Laughing in the face of depression
Joking about mental illnesses is how these comedians stay “relevant” in the comedy circuit, but here’s what they’re doing about it offstage. Read on.
“We do this because it’s the only thing that makes us feel alive” — comedian Daniel Fernandes’ words hit hard during his special, titled Shadows. Ironically, the jokes told on his hour-long set are made up of suicide, death and funeral jokes. “If you want your friends to prevent you from killing yourself, borrow money from five of them and keep it in a safe. That is real life insurance,” he quipped as he told the crowd about grappling with his anxiety disorder. Daniel released his special on YouTube late in 2019, asking viewers to pay whatever they wanted for the show. “I received thousands of fan mails telling me how different parts of the show connected with them,” he says, and adds, “When you look at a shadow, it represents whatever light is cast upon it. For me, the show represents parts of our lives we don’t want to talk about.”
And Daniel is not alone. Last year, Tanmay Bhat took to Instagram to declare that he is “mentally checked out”. “I feel almost paralysed and unable to participate socially and online,” Tanmay said. He was speaking about the dissolution of his company, AIB, on account of allegations of sexual misconduct during the #MeToo movement, which resulted in him being clinically depressed. However, when reached out to for a comment, Tanmay didn’t want to participate in the story.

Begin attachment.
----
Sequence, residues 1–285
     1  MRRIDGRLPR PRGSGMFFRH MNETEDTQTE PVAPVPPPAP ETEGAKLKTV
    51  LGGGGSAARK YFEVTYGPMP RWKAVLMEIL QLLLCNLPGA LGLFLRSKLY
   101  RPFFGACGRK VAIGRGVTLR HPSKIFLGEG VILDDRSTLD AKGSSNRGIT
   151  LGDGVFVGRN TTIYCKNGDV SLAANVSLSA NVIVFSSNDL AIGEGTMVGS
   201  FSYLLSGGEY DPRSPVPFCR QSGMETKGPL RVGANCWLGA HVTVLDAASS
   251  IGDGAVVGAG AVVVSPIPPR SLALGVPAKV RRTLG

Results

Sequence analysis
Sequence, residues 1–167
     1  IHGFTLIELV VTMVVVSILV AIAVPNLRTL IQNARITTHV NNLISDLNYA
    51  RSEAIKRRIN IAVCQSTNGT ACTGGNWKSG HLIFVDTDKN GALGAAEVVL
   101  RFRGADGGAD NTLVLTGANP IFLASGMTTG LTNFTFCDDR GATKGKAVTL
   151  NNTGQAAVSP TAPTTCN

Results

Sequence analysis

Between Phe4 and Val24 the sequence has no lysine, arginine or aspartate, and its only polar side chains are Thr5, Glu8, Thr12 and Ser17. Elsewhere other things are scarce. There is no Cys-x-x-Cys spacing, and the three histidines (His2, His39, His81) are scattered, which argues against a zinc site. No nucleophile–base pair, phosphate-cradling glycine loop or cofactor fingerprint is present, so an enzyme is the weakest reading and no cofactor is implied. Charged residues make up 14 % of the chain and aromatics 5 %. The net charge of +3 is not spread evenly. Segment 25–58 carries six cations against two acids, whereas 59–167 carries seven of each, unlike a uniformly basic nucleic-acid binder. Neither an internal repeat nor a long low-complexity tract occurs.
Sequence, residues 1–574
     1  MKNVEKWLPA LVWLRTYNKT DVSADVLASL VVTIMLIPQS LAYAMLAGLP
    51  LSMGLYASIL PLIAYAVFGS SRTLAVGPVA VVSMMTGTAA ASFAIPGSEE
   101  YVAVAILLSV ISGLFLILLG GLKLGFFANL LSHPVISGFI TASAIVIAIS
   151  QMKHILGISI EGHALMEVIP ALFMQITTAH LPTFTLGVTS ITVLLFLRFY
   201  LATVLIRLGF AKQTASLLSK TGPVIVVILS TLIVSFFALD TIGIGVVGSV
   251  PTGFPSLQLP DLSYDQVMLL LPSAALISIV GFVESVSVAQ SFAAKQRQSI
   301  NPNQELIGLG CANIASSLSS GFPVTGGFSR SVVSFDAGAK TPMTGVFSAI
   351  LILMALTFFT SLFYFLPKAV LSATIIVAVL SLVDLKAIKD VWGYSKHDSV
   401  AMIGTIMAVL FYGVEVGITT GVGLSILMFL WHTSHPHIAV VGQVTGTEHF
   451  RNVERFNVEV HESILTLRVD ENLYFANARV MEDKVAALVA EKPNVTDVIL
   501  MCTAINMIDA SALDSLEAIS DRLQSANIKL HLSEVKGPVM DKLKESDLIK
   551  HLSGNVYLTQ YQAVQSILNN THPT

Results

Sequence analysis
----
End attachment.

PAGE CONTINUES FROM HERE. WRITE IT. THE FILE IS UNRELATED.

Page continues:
The big bad internet?
The internet has often been termed as a scary place, for it’s a place where trolls dwell, who, shadowed by the anonymity of the World Wide Web, aren’t afraid to call out or even resort to ridicule.
Daniel says, “The internet is largely filled with negative energy, especially Twitter, which is a toxic place.” The comedian goes on to share that he got off the microblogging website a couple of years ago, which brought down his stress levels “considerably”. He is now active only on Instagram because he is “in control of what people say”. “There is a misconception that people in the limelight need to put up with trolls. But I will treat people on the internet the same way I would treat someone at home. Let’s not even call it trolling, it is bullying,” adds the 35-year-old comedian.
But is it okay to talk about mental health on social media? Popular comedienne, Kaneez Surka says, “For me, there is no shame about [receiving] therapy. My episodes were triggered by rejection in my romantic, family and work life. So, when I am going through something, I definitely like to share it with people on social media.” For Daniel, it is a “very personal choice”. “You have a lot of people reaching out to you but I am not professionally equipped to handle these situations. It becomes a catch-22 situation. I only know how much I have experienced,” he says.